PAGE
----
Advertisements for Uber in Canberra hit web with taxi industry review underway

Advertisements for Uber in Canberra hit web with taxi industry review underway

Car-service Uber might be staying coy about their entry into the Canberra market, but driver recruitment advertisements for the ACT are rife on social media.

Wanted ads promise partner drivers for Uber X in Canberra between $20 and $30 an hour and the opportunity to set their own hours. Drivers can sign up online and watch a 16 minute induction video on how Uber works.

An Uber ad for Canberra drivers on Facebook.

An Uber ad for Canberra drivers on Facebook.

Potential partners are required to give information about their car and driver's license.

After completing the online sign-up process, drivers are told to expect contact from Uber staff members after a "background check" is completed.


The recruitment efforts come as ACT Chief Minister Andrew Barr released the terms of reference for a review into the Canberra taxi industry.

The innovation review announced last month will consider customer service, competition and regulation in the existing taxi network, and comes as other cities deal with disruption from Uber and other ride-sharing smartphone based businesses.

Bureaucrats from the Chief Minister, Treasury and Economic Development Directorate and Justice and Community Safety Directorate will oversee the review, with written submissions from industry representatives due by Friday, February 20.

The review and subsequent discussion paper could show concerns ahead of Uber's expected arrival in Canberra, following resistance from powerful taxi lobbies and state regulators around Australia.

Uber says it has 1100 partner drivers signing up each month nationally, and claims to have facilitated "millions" of rides in Australia.

The company is already operating in Sydney, Melbourne, Adelaide, the Gold Coast and Brisbane and has more than 160,000 drivers in the United States.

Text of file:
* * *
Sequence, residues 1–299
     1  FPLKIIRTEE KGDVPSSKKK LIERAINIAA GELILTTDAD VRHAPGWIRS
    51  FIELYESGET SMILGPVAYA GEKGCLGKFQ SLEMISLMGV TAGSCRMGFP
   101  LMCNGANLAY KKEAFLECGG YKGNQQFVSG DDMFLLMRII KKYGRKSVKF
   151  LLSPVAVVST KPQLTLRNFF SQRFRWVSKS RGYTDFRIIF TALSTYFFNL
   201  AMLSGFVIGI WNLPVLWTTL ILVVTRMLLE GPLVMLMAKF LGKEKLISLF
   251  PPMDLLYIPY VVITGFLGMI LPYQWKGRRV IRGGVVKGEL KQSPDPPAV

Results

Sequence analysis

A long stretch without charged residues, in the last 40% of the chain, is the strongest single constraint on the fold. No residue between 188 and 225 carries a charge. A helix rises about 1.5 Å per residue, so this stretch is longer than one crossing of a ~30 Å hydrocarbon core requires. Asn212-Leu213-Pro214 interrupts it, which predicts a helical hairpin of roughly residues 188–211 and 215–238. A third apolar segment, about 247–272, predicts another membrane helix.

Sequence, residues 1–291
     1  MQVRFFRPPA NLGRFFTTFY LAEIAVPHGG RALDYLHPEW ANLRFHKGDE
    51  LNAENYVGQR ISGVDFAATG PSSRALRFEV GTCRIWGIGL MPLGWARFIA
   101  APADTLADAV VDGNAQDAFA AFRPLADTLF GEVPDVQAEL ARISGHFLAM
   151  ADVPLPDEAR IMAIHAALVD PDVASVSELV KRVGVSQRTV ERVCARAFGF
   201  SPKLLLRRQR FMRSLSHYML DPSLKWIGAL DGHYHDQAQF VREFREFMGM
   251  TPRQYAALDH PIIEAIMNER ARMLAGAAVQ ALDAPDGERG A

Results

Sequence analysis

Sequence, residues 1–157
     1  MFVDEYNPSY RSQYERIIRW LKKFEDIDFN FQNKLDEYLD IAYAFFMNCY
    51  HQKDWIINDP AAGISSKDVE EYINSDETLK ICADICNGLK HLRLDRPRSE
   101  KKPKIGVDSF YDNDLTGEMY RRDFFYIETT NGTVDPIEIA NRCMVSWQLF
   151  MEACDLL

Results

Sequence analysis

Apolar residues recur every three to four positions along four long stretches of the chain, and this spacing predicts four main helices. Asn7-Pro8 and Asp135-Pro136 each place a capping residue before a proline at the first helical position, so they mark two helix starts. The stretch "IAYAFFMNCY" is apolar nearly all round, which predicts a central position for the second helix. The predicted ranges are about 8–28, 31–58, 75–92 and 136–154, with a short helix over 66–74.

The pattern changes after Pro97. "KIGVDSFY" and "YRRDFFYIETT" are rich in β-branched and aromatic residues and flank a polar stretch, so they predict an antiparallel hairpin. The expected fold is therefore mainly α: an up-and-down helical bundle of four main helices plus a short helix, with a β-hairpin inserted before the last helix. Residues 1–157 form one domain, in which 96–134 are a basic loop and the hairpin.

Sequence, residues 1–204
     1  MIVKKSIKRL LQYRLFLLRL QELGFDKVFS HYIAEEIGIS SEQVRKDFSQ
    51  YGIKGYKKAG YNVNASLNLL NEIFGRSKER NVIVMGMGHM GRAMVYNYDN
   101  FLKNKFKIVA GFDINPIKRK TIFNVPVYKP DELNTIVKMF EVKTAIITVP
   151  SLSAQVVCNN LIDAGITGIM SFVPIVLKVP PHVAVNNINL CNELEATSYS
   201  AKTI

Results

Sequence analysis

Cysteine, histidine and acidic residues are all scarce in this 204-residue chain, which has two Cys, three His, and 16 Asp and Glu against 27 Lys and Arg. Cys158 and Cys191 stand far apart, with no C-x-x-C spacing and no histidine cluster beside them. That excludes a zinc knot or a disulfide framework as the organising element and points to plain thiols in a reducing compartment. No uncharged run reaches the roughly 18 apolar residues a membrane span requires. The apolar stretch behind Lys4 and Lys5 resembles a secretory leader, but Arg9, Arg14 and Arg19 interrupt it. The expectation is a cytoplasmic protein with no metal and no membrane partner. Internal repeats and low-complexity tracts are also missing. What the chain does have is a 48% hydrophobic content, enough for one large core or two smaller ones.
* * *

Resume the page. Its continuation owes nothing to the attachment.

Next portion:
In January, a spokeswoman said Uber would consider the review and the timing of its arrival in Canberra.

Uber's smartphone application allows users to book taxis and limousines instantly. Uber X gives any motorist - not just licensed taxi or hire-car drivers - the ability to charge for providing transport with minimal overhead costs.

Areas included in the review's terms of reference include how the entry of digital booking platforms and services could change the current taxi market place and the safety of passengers, drivers and vehicles.

It will consider how efficient and sustainable the current supply of taxis is in Canberra, including for passengers with special needs and "synergies with other modes of public transport".

Also set to be considered are the current surcharges for credit card payments in Canberra's taxis, compared with surcharges applied by other Australian jurisdictions, and compliance with disability laws by existing and new drivers.

There are currently 378 taxi licenses issued in Canberra and 327 taxis active on the network.

A June 2014 report commissioned by the Canberra Taxi Industry Association to evaluate the current state of Canberra's taxis and the local industry will be considered, along with the federal government's competition policy review draft report.

"Consultation will involve initial industry stakeholder meetings, the development of a discussion paper, and broader community engagement to commence in early to mid-2015," the terms of reference state.

"The working group will report to government during the latter half of 2015."

Last week Uber vice president David Plouffe said the business could create 20,000 jobs in Australia.

The former adviser to US President Barack Obama said Uber would consider handing over its internal data on trips to Australian governments in exchange for changes to regulation favourable to Uber X.

Canberra Taxi Industry Association executive director Tony Bryce, a member of the review committee, said an action plan would be established.

He declined to release the 2014 report, as it will be considered by officials in the review process.

"The CTIA is not anti-competition and welcomes all innovations and technological advancement that can benefit our industry - our only wish is that all taxi service providers operate under the same set of rules and regulations, which were put in place to ensure the safety of the public," Mr Bryce said in a statement.

Tom McIlroy is a political reporter for The Australian Financial Review in the federal press gallery at Parliament House.

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